Video of Heroes Highway Ride
Over 2,200 motorcycles came thundering in Port Hope on Saturday June 2, 2018 for the 10th annual Heroes Highway Ride.
The ride was always meant to show the support for those who serve Canada along with their families and first responders.
Founder Lou DeVuono said the ride was a great success.
“One of the things that pleased me the most was the community engagement has definitely increased and that’s a huge step going forward.”
“Now that we’ve found a home in Port Hope that strengthens that bond.”
Like members of the military, the biker community are family.
“There’s no doubt about it. And I think the reason the biker community and the members of the Canadian forces are so similar is it’s very much they same life. They count on one another. They all have each others back.”
Port Hope Mayor Bob Sanderson was among the dignitaries who greeted the riders at the opening ceremony.
Just days after hip surgery Sanderson proudly took to the stage with a cane for support and spoke of how proud Port Hope is to have the HHR.
“This community is steeped in military history and has participated in every excursion since confederation.”
“It’s a heartfelt community event and I think they plan on coming back year after year and as long as we can continue that relationship with them, we hope it will continue as well.”
Co-founder of The CAV (Canadian Army Veteran’s motorcycle group) Paul “Trapper” Cane is very well respected in the military circle throughout Canada and beyond.
Born in Cobourg Ontario enlisted in 1970’s in the Canadian Armed Forces, Cane was a member of the Princess Patricias Canadian Light Infantry and the Canadian Airborne Regiment on numerous United Nations, North Atlantic Treaty Organization Operations, world wide serving in the Pathfinder Platoon, as a Sniper, Mountain Warfare Instructor and recently top candidate of the CF’s Advanced RECCE Patrolman’s Course.
Paralysed after a 180 ft free descent after a parachute collapse on operations. Cane was retired medically in the 1990’s after 18 surgeries and two years in hospital, motorcycling was the only physical remainder of his old life.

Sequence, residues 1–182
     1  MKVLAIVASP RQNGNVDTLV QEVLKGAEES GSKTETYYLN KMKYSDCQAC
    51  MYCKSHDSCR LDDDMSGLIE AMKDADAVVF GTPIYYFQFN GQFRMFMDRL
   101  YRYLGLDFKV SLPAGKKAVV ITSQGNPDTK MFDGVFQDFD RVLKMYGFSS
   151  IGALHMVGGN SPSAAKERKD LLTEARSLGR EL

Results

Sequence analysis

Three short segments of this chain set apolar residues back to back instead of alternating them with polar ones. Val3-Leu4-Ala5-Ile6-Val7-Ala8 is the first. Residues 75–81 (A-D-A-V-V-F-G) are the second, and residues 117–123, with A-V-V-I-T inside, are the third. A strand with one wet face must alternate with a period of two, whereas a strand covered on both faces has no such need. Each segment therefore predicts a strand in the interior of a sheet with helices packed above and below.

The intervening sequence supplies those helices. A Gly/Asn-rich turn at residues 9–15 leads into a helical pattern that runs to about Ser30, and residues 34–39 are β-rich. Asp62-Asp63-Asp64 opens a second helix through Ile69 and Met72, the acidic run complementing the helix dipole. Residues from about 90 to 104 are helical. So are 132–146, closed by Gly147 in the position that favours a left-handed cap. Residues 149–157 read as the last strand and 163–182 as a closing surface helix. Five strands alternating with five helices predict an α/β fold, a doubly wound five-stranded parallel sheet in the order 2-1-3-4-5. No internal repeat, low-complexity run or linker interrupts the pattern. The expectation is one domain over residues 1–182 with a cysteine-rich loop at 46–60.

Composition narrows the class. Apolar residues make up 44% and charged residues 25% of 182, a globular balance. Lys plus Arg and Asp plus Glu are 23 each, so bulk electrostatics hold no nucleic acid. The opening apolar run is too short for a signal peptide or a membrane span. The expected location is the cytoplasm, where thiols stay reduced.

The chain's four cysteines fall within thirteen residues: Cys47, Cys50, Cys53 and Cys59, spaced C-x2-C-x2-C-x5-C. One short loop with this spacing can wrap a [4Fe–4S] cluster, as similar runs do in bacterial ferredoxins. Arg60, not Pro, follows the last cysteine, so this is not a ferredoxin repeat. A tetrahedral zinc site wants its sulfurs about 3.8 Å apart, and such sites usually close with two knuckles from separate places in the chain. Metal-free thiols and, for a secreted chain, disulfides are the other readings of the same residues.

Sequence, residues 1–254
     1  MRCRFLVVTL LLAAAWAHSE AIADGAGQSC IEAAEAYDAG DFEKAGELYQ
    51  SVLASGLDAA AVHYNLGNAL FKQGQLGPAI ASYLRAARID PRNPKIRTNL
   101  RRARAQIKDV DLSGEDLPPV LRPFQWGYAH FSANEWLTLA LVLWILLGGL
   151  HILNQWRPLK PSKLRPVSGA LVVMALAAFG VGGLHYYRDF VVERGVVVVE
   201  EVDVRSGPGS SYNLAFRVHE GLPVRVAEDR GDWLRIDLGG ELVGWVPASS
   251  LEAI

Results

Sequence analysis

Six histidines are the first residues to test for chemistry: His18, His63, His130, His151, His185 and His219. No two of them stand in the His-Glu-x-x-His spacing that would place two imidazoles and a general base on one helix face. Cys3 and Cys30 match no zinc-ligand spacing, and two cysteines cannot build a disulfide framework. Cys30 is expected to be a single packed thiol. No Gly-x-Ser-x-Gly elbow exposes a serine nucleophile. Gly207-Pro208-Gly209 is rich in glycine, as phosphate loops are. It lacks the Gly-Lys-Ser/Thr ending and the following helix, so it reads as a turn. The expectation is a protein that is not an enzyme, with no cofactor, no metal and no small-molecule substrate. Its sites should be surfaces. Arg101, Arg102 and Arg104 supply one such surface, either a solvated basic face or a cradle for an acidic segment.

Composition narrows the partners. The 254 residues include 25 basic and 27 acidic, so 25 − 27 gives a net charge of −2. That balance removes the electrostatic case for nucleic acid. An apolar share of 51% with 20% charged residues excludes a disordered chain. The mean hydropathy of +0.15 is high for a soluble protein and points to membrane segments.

Cane has travelled countless times across Canada on his motorcycle to support members of the military and their families.
“Every single time one of those soldiers came back (along the Highway of Heroes) we were coming not to be seen as motorcyclists, we were coming to support the families. When we do events like this years after the mission ends, those families know that we’re still there for them.” “And it’s critical that every Christmas they have to celebrate without a son or daughter who has given their life for our country we are there for them and they are not alone, we are there for them 24/7.”
Cane adds for everyone at some point in their life they will feel they are alone.
“For those who have given everything in service to Canada and then have to live with the legacy of that service, the good, the bad and sadly the ugly, or the families that live with them and try to teach them how to be civilians again, every little bit of support we give them is crucial to making our country stronger because they made our country stronger. And this is what makes Canada beautiful.”
Before the Highway of Heroes, Cane escorted fallen soldiers home and has kept in touch with the families, but the Highway of Heroes is something that showed the world how Canada treats their fallen.
“The British used to bring their dead home in the dark, the Americans used to bring their dead in the dark, but the Highway of Heroes in brought daylight with flags flying and people weeping in unison with the families who are suffering it makes our nation heal in a small way and Canada has lead the way in this respect always.”